Has crowdsourcing come of age?

September 24, 2009 in -e.social

buckos1By Simon Fuller. Ideas matter. Crowdsourcing is on a roll. The last month or so has seen countless crowdsourcing initiatives headlining on brand-e.biz. There’s been everything from battles to design a logo for Connaxis’ Guerra Creativa, to gentler community actions like baby brand MAM’s quest for new feeding bottle ideas.
But this is no flash in the pan, says crowdSPRING, whose website is based on the crowdsourcing model and enables brands to post their project specs online and then select the best submissions.
“We don’t see crowdsourcing as a fad, or as the next big thing,” says Ross Kimbarovsky, co-founder of crowdSPRING. “We see this business model evolving not only for the creative industry, but for many other industries, as it’s the truest form of having your customers have complete access and say over exactly what they’re looking for.”
Big brands have long been involved in the activity, with coffee chain Starbucks asking for customers’ brainwaves via its My Starbucks Idea project, while Kraft put out a call for product and packaging ideas via its Innovate With Kraft platform.
But maybe crowdsourcing has now come of age thanks to new tech and the credit crunch.
“The design industry around the world is rapidly changing,” explains Kimbarovsky. “The Internet has brought new opportunities for both clients and designers, while technology and modern software have lowered the barriers to entry. At the same time, the collapse of the worldwide economy has forced everyone to re-evaluate how they do business.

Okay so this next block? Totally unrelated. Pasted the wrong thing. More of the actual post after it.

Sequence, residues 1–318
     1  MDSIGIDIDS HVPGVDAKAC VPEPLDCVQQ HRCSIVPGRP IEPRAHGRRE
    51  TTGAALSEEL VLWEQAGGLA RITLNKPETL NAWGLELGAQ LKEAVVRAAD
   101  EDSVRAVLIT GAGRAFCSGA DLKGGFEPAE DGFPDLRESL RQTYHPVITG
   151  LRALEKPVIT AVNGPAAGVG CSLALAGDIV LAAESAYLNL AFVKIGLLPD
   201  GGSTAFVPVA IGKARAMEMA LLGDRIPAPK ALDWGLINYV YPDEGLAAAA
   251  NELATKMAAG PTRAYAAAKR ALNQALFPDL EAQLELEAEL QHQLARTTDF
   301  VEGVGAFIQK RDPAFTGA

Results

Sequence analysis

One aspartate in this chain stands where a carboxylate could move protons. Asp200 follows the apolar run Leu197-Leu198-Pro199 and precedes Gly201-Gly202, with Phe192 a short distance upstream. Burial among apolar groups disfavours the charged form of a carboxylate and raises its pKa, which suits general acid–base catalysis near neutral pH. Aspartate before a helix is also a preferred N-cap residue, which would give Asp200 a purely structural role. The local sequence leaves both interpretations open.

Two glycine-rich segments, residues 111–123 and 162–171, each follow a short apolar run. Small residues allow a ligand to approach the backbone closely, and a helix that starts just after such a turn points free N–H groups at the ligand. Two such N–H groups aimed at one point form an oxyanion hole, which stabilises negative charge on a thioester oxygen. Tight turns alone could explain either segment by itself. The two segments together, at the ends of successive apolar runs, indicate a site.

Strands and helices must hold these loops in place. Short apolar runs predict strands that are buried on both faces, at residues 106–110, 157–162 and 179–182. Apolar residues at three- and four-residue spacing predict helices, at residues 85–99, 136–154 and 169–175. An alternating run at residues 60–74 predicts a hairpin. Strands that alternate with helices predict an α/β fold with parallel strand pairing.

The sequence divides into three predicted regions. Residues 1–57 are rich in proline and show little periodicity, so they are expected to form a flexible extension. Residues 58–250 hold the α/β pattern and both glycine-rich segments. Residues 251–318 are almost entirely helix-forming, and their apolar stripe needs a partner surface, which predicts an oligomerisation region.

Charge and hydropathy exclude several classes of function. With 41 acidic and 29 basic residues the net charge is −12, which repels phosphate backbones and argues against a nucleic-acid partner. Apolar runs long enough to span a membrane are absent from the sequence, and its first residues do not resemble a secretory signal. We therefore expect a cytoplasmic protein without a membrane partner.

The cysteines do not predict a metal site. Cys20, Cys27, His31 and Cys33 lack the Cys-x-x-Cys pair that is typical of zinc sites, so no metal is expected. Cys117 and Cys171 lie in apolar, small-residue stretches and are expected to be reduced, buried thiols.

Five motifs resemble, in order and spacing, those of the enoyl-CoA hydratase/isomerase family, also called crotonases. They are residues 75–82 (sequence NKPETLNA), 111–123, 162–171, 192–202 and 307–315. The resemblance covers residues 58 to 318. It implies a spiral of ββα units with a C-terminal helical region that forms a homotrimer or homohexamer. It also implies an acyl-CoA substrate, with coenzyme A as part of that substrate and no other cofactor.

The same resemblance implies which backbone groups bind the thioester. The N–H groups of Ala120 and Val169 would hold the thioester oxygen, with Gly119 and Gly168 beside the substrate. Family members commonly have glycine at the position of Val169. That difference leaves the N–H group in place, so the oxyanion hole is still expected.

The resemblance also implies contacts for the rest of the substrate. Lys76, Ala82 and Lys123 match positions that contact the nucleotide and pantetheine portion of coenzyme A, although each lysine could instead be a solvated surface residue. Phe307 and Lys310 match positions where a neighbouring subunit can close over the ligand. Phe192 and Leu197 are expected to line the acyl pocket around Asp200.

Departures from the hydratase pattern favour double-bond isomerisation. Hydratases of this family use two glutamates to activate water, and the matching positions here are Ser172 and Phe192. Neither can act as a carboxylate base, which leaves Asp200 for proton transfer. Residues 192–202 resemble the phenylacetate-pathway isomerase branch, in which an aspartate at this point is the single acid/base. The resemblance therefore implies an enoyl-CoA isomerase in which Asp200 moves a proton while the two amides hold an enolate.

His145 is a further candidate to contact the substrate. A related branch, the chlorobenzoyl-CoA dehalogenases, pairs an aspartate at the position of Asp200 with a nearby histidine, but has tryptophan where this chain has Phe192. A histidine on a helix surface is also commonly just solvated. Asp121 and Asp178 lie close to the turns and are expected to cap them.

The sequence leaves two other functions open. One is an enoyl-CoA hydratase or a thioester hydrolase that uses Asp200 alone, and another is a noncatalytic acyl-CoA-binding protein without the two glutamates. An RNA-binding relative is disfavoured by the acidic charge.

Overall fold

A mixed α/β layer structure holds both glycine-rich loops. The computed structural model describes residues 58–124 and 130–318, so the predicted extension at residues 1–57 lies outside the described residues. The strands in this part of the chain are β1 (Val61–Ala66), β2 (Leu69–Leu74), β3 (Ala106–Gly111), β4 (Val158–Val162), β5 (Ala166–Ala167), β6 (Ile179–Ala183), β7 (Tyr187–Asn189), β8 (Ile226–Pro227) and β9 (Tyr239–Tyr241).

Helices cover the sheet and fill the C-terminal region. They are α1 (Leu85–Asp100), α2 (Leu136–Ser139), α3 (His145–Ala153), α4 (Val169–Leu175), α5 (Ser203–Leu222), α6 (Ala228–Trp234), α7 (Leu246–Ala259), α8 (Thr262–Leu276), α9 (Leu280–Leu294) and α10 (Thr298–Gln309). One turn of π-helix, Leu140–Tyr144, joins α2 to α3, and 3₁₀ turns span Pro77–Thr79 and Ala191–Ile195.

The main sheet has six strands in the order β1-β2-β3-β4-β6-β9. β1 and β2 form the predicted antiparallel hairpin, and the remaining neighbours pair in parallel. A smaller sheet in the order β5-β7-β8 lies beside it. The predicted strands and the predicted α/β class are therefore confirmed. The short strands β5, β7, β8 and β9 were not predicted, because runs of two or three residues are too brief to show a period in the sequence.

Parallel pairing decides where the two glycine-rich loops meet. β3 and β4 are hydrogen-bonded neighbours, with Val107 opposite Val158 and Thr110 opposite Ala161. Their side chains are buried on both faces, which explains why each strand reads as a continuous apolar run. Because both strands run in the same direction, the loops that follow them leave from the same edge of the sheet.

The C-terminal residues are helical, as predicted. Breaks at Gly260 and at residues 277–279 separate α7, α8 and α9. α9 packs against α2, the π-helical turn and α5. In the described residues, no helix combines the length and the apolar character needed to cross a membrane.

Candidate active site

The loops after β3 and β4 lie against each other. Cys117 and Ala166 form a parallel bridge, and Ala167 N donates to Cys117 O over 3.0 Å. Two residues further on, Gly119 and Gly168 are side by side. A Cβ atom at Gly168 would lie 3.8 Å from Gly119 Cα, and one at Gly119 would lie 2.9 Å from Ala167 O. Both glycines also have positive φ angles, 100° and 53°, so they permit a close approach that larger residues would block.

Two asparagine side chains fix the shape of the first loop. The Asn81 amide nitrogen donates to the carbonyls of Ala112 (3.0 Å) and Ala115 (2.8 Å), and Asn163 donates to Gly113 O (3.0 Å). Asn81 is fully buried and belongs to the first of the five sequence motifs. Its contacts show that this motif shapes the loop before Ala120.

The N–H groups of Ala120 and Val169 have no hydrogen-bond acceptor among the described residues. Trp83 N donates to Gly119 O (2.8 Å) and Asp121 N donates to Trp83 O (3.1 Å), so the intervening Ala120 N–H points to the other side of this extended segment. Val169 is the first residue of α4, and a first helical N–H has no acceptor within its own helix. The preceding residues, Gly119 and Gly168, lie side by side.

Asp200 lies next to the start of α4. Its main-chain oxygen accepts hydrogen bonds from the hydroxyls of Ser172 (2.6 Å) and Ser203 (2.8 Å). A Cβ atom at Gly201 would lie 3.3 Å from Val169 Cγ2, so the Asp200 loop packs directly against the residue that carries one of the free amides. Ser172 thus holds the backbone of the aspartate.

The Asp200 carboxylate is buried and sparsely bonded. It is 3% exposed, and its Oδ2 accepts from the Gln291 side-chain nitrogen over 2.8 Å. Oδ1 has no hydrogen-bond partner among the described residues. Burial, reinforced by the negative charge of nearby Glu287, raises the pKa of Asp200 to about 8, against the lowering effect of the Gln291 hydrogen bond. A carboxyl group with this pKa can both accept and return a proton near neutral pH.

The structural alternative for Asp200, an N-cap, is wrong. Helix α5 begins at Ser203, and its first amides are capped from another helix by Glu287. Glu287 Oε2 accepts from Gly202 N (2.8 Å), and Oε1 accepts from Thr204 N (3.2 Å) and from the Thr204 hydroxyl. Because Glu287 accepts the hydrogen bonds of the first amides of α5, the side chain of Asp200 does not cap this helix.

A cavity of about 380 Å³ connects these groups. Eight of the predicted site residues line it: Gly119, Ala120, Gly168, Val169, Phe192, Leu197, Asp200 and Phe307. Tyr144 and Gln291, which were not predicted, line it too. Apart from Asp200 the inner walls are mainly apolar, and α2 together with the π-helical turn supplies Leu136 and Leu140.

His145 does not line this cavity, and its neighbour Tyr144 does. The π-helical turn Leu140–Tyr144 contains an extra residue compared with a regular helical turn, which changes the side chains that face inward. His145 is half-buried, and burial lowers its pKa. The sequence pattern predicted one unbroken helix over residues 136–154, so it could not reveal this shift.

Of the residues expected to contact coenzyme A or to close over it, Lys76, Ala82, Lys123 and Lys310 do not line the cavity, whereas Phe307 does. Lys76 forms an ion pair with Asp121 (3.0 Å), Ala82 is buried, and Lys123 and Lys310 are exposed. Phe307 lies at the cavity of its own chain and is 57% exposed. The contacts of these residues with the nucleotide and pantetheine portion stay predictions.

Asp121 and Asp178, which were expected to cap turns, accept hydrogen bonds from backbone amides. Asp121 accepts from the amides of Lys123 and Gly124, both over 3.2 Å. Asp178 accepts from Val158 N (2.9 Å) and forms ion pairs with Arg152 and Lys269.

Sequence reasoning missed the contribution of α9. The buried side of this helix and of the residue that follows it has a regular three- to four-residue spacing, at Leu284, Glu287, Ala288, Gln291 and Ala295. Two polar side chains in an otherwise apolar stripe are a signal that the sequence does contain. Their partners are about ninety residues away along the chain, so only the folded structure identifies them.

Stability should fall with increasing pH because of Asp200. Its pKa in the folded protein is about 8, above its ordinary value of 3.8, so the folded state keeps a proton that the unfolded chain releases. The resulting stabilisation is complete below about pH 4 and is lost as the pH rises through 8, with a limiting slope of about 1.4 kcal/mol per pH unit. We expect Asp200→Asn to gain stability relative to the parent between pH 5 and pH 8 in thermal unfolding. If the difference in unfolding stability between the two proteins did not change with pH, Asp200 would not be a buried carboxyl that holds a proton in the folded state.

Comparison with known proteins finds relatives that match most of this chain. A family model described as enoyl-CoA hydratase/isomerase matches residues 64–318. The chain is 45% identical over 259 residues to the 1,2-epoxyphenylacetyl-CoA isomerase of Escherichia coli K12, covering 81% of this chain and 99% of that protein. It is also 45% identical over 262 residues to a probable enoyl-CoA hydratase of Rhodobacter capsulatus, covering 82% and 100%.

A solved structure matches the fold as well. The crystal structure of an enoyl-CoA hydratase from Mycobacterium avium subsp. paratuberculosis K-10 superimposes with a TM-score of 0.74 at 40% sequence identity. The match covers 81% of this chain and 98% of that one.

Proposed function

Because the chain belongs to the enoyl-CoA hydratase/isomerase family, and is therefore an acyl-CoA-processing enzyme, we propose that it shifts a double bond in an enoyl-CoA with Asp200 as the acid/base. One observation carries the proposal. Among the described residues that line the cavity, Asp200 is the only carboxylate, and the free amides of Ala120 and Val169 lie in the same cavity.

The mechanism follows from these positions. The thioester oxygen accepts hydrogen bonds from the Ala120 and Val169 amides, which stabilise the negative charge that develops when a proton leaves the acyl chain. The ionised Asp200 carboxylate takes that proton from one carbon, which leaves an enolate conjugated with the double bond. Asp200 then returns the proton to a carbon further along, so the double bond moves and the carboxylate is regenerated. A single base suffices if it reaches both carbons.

“These changes have put pressure on designers to find ways to react and adapt,” Kimbarovsky continues. “Many in the design community embrace the changes in the industry. For example, we’ve grown from zero to nearly 40,000 designers in our own community in only a little over a year. And we have more than 400,000 project requests on our site from buyers.”
And it’s good news for brands, businesses and creatives, reckons crowdSPRING.
“Crowdsourcing allows small businesses, entrepreneurs, and even large corporations whose creative budgets have been severely slashed due to the economy, an alternative method to leverage talented people around the world to create and shape their brands,” says Kimbarovsky. “Not to mention, it [has] opened incredible opportunities to creatives around the world who previously had few opportunities to compete in the traditional creative industries.
“All that matters is [the] idea and how well it meets your objectives in identifying and creating your brand,” adds Kimbarovsky. “And for buyers of creative services it is the idea that matters.”

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